Forty Days of New Life
By: Dr. Marcellino D'Ambrosio
This article covers why Lent has forty days, the meaning of the number 40 in the Old and New Testament, and the meaning of the fasting and temptation of Jesus Christ in the Desert. It was originally written as a commentary on the scripture readings for the first Sunday in Lent.
In the English language, the special season before Easter is called “Lent.” The word comes from the “lengthening” of daylight hours as we progress from the darkness of winter to the new light of spring. But other languages, such as Spanish, have a name for this season that is derived from the word for forty. It is the season of the forty days.
OK, we do penance for forty days because Jesus fasted forty days in the wilderness. But did you ever wonder why he was out there for forty days rather than seven or ten or fifty?
Think back to the Old Testament. Noah and company in the Ark watched rain fall for 40 days and forty nights. Moses was up on Sinai receiving the 10 commandments for 40 days. The Israelites wandered around the desert for 40 years.
So why all these forties? Probably because it is forty weeks that a woman carries her developing baby before a new life can come forth from the womb.
All these “forties” are a necessary and not-so-comfortable prelude for something new. In Noah’s case, it’s the rebirth of a sinful world that had been cleansed by raging flood waters. In Moses’ case, it was the birth of the people of the covenant. For the nomadic Israelites, it was the start of a new, settled existence in the Promised land.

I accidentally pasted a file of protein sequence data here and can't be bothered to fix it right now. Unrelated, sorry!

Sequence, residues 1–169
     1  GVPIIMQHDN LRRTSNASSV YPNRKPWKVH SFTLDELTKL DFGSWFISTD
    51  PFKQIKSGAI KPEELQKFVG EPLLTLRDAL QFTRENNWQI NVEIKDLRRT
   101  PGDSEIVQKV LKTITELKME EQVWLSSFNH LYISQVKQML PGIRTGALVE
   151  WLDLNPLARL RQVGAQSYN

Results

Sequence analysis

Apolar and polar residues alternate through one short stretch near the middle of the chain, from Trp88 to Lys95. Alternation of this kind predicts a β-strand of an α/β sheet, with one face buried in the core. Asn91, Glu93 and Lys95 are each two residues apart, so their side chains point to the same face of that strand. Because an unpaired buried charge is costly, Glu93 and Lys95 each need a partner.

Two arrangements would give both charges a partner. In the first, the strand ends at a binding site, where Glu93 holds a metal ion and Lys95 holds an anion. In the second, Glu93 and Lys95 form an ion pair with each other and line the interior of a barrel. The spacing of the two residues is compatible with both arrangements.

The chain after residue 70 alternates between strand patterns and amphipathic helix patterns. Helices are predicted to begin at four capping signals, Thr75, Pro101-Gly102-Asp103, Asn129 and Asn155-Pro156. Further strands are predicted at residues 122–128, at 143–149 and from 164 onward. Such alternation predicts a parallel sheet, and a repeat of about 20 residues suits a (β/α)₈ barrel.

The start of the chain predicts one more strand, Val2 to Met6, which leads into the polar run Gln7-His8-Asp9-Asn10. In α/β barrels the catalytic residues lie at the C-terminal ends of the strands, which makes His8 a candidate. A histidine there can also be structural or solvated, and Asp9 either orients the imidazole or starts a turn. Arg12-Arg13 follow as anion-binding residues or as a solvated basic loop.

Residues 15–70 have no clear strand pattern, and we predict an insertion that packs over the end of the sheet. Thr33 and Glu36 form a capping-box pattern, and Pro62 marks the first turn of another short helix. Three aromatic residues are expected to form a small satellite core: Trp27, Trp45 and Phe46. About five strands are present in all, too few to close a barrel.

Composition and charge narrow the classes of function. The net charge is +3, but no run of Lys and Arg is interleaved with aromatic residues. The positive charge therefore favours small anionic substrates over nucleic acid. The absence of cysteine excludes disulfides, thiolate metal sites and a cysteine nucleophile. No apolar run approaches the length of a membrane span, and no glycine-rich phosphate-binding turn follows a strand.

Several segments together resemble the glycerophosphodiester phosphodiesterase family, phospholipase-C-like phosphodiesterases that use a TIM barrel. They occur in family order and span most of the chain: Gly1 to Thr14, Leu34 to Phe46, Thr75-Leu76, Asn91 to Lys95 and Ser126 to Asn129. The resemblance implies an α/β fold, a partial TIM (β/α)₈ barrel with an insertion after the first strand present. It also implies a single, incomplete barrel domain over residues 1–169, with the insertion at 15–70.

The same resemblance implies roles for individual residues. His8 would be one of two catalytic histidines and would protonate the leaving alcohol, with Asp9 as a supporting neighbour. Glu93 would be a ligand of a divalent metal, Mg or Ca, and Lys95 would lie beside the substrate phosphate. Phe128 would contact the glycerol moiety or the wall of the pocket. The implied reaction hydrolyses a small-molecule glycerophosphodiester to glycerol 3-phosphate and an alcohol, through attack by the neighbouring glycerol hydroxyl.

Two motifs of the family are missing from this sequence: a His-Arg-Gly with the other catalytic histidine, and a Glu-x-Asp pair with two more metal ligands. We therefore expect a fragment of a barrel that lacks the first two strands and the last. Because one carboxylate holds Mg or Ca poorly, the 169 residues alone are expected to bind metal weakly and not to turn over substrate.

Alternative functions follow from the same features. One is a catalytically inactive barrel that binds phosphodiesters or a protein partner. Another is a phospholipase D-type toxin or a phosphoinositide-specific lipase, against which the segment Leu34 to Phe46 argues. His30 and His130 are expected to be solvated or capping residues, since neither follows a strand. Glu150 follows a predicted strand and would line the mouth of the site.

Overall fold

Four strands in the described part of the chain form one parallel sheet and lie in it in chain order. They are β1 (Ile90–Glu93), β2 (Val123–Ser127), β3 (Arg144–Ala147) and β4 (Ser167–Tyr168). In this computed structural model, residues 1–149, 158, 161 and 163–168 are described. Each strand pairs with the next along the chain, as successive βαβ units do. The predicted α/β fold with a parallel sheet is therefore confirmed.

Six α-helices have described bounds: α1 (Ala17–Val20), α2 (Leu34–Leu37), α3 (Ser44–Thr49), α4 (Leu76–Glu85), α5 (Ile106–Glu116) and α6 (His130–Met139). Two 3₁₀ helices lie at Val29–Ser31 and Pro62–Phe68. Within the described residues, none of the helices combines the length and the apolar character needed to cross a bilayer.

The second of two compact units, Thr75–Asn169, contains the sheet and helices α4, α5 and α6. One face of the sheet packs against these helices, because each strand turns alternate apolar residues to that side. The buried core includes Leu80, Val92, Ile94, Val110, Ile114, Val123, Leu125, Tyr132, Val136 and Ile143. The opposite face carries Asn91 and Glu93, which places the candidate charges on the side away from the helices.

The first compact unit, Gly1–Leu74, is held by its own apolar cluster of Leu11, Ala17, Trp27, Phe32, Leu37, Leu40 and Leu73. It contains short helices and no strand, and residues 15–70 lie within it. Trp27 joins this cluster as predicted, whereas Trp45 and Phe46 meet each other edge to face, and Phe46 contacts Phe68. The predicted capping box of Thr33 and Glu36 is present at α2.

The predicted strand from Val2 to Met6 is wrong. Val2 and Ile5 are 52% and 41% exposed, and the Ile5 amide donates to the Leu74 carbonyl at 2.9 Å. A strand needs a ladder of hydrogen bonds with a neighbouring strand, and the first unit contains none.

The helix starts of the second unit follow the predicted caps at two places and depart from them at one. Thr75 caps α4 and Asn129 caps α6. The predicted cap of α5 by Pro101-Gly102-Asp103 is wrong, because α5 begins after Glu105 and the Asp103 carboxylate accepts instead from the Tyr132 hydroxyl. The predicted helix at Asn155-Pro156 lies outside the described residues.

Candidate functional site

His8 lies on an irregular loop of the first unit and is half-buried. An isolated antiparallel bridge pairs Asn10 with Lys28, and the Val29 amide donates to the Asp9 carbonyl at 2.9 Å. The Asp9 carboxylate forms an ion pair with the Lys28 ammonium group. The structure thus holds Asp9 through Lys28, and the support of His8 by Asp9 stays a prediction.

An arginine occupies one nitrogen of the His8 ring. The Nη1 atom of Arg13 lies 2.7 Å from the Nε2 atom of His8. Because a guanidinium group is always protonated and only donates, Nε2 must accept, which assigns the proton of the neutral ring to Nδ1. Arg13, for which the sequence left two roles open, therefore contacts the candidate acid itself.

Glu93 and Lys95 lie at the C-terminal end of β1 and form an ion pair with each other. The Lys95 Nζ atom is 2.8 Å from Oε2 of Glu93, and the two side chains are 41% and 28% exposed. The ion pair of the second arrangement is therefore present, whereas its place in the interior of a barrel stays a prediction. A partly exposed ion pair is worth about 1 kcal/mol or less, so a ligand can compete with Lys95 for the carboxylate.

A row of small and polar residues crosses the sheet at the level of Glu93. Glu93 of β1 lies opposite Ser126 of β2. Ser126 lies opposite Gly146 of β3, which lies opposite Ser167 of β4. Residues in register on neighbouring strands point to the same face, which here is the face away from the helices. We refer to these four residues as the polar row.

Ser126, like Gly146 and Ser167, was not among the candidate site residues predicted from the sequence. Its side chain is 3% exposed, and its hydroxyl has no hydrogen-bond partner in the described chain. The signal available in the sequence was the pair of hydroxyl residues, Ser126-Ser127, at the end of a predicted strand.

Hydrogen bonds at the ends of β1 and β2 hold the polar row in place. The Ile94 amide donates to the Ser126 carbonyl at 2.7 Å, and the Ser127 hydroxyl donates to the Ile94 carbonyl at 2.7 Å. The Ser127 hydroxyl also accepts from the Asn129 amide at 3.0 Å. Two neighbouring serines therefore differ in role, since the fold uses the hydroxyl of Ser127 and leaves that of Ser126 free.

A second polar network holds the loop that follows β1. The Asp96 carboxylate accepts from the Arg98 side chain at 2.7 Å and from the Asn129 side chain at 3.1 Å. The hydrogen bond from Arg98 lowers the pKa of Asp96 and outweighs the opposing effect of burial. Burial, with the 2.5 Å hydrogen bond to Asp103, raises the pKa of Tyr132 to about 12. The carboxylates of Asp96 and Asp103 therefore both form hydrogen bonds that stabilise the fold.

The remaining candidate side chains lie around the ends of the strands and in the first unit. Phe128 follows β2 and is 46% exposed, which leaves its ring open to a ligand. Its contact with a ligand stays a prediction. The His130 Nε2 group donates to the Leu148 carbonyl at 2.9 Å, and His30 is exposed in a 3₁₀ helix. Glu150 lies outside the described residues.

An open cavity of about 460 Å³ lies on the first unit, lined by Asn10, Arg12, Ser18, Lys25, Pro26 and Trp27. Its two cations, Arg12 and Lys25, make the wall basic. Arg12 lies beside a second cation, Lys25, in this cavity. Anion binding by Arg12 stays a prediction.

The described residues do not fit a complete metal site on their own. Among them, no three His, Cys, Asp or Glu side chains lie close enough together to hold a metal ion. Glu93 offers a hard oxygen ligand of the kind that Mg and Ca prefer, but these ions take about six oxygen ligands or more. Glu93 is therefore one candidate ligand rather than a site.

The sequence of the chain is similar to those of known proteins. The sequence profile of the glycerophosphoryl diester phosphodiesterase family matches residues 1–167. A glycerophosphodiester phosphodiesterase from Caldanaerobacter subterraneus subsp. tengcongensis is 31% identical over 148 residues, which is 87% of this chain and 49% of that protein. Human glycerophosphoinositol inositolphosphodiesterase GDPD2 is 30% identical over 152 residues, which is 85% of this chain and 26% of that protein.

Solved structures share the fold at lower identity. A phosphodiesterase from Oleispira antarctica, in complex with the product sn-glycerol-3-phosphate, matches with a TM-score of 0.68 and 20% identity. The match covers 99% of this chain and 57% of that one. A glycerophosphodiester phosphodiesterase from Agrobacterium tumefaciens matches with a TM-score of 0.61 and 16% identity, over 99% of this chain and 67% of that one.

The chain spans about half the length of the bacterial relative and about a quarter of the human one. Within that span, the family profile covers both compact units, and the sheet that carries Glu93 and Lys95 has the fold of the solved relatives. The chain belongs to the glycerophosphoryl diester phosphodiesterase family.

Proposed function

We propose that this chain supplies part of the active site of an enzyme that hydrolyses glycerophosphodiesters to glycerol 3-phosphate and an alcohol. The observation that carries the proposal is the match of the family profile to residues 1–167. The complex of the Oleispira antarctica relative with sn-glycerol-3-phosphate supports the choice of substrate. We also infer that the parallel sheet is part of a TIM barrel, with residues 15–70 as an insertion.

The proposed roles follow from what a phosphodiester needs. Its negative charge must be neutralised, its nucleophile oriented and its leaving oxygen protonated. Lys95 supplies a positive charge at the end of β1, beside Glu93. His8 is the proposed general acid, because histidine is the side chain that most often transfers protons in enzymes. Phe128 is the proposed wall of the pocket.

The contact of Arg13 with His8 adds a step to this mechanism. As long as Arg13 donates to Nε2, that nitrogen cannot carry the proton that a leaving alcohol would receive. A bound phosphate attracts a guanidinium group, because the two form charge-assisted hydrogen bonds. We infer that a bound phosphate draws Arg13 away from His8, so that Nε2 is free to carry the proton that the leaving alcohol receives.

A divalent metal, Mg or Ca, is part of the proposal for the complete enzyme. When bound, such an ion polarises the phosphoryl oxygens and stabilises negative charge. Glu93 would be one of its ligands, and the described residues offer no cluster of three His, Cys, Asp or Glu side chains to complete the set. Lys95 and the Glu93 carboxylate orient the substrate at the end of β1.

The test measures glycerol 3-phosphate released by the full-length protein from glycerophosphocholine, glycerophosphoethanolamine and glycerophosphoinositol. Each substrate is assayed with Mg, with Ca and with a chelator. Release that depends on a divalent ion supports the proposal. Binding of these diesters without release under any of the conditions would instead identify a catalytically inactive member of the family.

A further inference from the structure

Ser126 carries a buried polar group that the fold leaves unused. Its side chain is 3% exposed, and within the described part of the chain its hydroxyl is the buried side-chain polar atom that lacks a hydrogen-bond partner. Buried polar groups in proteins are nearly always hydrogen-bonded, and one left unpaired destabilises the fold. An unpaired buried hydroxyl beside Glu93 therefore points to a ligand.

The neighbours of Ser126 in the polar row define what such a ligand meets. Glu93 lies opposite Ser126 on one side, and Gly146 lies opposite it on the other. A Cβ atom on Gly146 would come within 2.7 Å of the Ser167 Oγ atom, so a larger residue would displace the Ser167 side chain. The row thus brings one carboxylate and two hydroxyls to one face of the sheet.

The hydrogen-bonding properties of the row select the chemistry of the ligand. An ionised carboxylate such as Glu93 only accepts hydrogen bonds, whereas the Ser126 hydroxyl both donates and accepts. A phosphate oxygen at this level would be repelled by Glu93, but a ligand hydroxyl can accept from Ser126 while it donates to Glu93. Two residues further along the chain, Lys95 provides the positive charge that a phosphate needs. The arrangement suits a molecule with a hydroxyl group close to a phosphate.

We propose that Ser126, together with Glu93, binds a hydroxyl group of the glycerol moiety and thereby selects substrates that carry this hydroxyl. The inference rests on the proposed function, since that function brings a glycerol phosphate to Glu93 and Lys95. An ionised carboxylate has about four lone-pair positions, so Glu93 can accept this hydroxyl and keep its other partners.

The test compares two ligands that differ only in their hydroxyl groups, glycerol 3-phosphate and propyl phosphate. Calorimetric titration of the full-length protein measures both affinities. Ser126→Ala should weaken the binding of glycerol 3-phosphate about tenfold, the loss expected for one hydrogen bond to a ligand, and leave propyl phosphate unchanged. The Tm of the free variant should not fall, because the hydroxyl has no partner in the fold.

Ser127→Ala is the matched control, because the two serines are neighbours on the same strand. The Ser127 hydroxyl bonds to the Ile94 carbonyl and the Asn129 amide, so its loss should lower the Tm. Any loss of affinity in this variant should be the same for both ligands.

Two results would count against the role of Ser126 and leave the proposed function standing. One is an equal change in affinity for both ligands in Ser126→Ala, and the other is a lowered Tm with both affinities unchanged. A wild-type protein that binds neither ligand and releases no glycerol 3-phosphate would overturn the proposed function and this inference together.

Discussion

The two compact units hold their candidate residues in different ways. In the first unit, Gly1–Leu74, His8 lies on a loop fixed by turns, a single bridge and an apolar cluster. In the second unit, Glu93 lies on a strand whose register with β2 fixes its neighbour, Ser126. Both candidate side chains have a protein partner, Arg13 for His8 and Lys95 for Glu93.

And Jesus? What did his forty days mean? The birth of a new Israel liberated from sin, reconciled to God, and governed by the law of the Spirit rather than a law chiseled in stone.
But think back to the story of Moses and the Israelites. There was someone who did not want them to go out into the desert to offer sacrifice to their God. Pharaoh did not take the loss of his cheap labor lying down. When Jesus begins his mission of liberation, there is another slave master who is no more willing than Pharoah to let his minions go without a fight.
Since the sixties, it has been fashionable in some quarters to dismiss the devil as a relic of ancient mythology or medieval fantasy. The guy with the pointy tale and the pitchfork comes in handy in cartoons and costume parties, but how can we take such an image seriously? In the Bible, they say, let’s read “Satan” merely as a symbol of human evil.
Such a view is clearly at odds with Scripture, Tradition, and recent teaching of the Magisterium. Our battle is not against flesh and blood, says St. Paul. If you don’t know your enemy and his tactics, you are bound to lose.
The temptation of Jesus in the desert shows us the tactics of the “Dark Lord.” Bread, a symbol for all that sustains our physical life, is a great blessing. But Satan tries to make material things the ultimate, distracting us from a deeper hunger and a more enduring food. Political power and all leadership is intended by God for the sake of serving the common good; Satan twists things to make leaders self-seeking, oppressive tyrants like himself. The lust for power and fame ironically leads not to dominion but to slavery to the Dark Lord (remember what happened to the Nazghoul in the Lord of the Rings). Then there’s religious temptation, the trickiest of them all-- Manipulating God for our own glory, using his gifts to make people look at us rather than at Him. Sounds a lot like the Pharisees.